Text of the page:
The filmmaker has built her career on a foundation of theatrical improvisation and collaboration. In her new film, Madeline’s Madeline, she lays bare her passion for performance.

The filmmaker has built her career on a foundation of theatrical improvisation and collaboration. In her new film, Madeline’s Madeline, she lays bare her passion for performance.

Josephine Decker is fast becoming the new mother of indie cinema. A multidisciplinary maestro with a contagiously friendly temperament, her new film Madeline’s Madeline is a nerve-shredding, sensory triumph that deftly blurs the boundaries between performance art and film.

Starring Miranda July, Molly Parker and Helena Howard in her astonishing big screen debut, the film follows Madeline’s fraught relationship with her mother as she battles through an unnamed mental condition, seeking solace in her improv troupe and its matriarchal leader.

This is the third film from Decker, whose debut Butter On The Latch and tumultuous psychodrama Thou Wast Mild And Lovely made waves in the US thanks to the director’s untethered approach to filmmaking. Her fourth feature is already fast approaching release in the states: a biopic of The Haunting of Hill House author Shirley Jackson starring Elisabeth Moss and Call Me By Your Name’s Michael Stuhlbarg.

Decker recognises herself as an artist above all other titles – which to date include writer, director, actress, editor and cinematographer – and has built her career on a foundation of theatrical improvisation and collaboration. In Madeline’s Madeline, she lays bare her passion for performance and its ability to let “the bullshit fall away.”

I imagine that the rehearsals for the film were quite vigorous. How did you begin the process?
We started rehearsing for the film in 2014. I’d met Helena about six months before rehearsals began, and I knew that she was going to be a big part of this movie, even if I didn’t know what the movie was going to be yet. For Madeline’s Madeline, I wanted a collaborative process where the actors are devising and creating, which was something that I’d never done before. There were 10 actors – which it turns out is a lot – but they came up with such incredible characters and moments. So much of that work was the foundation that the film stood on.

It was a blast, but it was also all over the place. After the first three rehearsals, I panicked because I didn’t know what I was making anymore. That’s when I decided to go away and write and figure out what I was actually doing.

There’s a real sense of oppression that emanates from Madeline. This was a very personal piece for you – what did you tap into that translated into what we saw in this character?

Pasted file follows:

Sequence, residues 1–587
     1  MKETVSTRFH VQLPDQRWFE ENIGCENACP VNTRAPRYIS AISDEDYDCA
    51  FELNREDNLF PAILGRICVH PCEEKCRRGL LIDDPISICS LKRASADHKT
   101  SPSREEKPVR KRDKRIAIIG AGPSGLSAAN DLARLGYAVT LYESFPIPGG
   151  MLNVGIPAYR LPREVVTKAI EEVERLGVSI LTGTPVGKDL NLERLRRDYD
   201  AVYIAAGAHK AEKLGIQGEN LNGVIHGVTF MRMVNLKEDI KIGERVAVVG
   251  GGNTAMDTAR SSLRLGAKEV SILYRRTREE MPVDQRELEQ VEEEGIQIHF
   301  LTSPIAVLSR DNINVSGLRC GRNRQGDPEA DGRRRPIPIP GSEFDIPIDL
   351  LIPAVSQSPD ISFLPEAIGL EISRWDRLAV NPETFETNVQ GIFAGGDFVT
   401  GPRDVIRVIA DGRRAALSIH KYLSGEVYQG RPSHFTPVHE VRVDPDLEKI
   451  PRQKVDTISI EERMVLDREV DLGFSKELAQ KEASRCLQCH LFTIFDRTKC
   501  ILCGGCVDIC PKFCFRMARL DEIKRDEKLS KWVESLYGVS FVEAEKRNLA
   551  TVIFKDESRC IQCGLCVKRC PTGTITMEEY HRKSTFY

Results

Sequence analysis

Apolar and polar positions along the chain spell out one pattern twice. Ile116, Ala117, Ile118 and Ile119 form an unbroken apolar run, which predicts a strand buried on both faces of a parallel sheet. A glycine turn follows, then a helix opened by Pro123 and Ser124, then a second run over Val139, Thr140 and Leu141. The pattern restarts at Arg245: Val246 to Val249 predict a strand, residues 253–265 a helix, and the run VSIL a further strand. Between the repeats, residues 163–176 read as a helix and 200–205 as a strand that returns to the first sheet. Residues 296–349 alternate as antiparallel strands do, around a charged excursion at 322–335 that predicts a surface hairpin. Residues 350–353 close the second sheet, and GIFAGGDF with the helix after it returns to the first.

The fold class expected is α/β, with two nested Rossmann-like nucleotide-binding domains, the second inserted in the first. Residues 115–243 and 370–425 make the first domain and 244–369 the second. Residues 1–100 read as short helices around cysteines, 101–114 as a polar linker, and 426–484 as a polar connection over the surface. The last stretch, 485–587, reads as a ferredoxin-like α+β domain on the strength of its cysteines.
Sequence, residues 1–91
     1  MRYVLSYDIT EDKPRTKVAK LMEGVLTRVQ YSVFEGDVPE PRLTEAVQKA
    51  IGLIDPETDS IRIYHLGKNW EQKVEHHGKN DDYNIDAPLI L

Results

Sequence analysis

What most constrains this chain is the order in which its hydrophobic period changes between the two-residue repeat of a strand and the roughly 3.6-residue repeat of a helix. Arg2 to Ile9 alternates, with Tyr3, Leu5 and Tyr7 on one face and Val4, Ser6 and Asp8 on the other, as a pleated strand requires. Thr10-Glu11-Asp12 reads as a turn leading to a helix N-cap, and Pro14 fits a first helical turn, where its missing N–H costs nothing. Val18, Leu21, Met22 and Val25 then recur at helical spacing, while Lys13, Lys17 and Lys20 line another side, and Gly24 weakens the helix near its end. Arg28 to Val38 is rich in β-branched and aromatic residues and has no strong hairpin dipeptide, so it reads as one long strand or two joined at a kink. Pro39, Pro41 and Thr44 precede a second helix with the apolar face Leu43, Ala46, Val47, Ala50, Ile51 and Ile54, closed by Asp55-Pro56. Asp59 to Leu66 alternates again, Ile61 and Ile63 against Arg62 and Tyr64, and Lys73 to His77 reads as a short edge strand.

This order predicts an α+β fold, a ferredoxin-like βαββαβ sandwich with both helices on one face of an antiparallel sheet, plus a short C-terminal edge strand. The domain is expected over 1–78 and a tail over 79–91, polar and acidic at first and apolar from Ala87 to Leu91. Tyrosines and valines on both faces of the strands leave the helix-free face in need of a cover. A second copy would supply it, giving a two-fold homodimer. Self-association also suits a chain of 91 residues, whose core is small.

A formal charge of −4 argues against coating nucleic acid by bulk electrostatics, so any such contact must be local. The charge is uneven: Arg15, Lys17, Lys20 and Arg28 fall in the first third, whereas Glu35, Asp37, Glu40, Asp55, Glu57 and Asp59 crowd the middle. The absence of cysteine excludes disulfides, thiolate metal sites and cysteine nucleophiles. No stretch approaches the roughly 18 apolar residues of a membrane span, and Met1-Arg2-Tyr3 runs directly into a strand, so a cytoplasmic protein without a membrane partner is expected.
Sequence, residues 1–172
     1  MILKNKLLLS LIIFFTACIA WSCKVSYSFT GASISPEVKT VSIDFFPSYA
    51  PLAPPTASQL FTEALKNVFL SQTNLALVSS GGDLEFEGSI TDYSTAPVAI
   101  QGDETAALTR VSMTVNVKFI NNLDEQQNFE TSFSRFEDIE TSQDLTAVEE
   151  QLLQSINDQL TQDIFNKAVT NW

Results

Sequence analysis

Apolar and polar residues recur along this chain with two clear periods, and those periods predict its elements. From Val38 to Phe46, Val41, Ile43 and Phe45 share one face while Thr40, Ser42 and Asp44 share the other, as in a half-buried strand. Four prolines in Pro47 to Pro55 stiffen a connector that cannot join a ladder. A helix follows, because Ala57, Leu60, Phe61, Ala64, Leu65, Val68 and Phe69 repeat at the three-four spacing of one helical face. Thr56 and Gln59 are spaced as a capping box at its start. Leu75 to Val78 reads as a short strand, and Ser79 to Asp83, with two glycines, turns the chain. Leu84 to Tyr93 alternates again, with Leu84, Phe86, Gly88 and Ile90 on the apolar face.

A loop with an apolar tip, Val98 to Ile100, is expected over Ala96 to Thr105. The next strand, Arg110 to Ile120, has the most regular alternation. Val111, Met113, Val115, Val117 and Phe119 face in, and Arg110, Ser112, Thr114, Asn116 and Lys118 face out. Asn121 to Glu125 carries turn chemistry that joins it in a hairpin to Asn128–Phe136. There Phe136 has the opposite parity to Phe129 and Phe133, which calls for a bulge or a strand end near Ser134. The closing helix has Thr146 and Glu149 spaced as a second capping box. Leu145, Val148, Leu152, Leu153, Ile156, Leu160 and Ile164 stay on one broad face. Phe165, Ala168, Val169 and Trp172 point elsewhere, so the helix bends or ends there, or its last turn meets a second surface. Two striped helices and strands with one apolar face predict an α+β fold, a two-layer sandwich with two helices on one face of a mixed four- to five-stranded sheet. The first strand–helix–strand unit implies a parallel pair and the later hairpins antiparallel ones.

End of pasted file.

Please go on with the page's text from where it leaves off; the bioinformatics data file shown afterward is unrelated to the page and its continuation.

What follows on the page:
It all came down to the world that I built around Madeline. I wanted it to feel like there was no safe place for her outside of that rehearsal space. So her home wasn’t a safe space, her mom was projecting onto her, everything was pushing down on her and in a way pushing her away from herself. It was as if she was erasing herself as a real person. In a weird way in these acting rehearsals – where Madeline’s playing all these characters and improvising –  she’s able to be herself.

I’ve found that my attitudes towards the three central characters change a lot. Does that happen with you?
Definitely. I thought the mom in the film was going to be the villain, like the worst part of the movie. Then Miranda July played her with such love, and she’s such an effervescent human being that it wasn’t the case at all. Halfway through the shoot, I thought: ‘Oh my god. Being a mom is so hard! Being a mom to a teenager is so hard, and  being a mom to a teenager who is mentally unstable is really, really hard.’

I just felt so much for that character. It speaks a lot to Miranda that she was able to bring the forcefulness and the shittiness to who the mom was, but also this real loving oblivion. That was one of the biggest surprises for me with this film. And then I think that Madeline’s character was really complex and rich on the page, but Helena is such a beast, such a force of nature. She brought out a depth of feeling that is pretty incredible for a teenager.

There’s a scene in the film that captures the moment when an actor dissolves into their character. As an actor, what does this scene mean to you?
I think that you perform all the time in your regular life; like I perform that I’m a really nice person, when most of the time I’m just tired and angry at myself. It can be exhausting. 

I went to a summer camp once that taught something called “neutral mask”.  Through this, I found that this everyday performance of yourself is forced to fall away. The bullshit just falls away, and you’re able to be more honest and authentic. That was a big part of what I wanted to explore in this movie; you get to be really, really real. I met Helena in that moment, at this teen arts competition in New Jersey. She did a monologue from the play Blackbird, and it was like the room fell away. She was so present, and so real with that character. It was spiritual; she was transcending herself.

There are some amazing pig masks that play a big part in the film, why did you choose to include them?
My friend is a puppeteer and she’d made these pig masks that I’d been dying to use for years. An original concept for Madeline’s Madeline was about these street artists that really think that they’re going to pare down on capitalism and solve all of the problems with immigration with this weird performance piece done in pig masks.

When you’re training as an actor, wearing a mask is an amazing tool to help you fall away and find a presence that is beyond human. It’s a great metaphor if you think about it – I hadn’t actually thought about this before – for who was wearing a mask in the movie even when there were no masks to be worn.

Madeline’s Madeline is in UK cinemas, and streaming on MUBI, now. 

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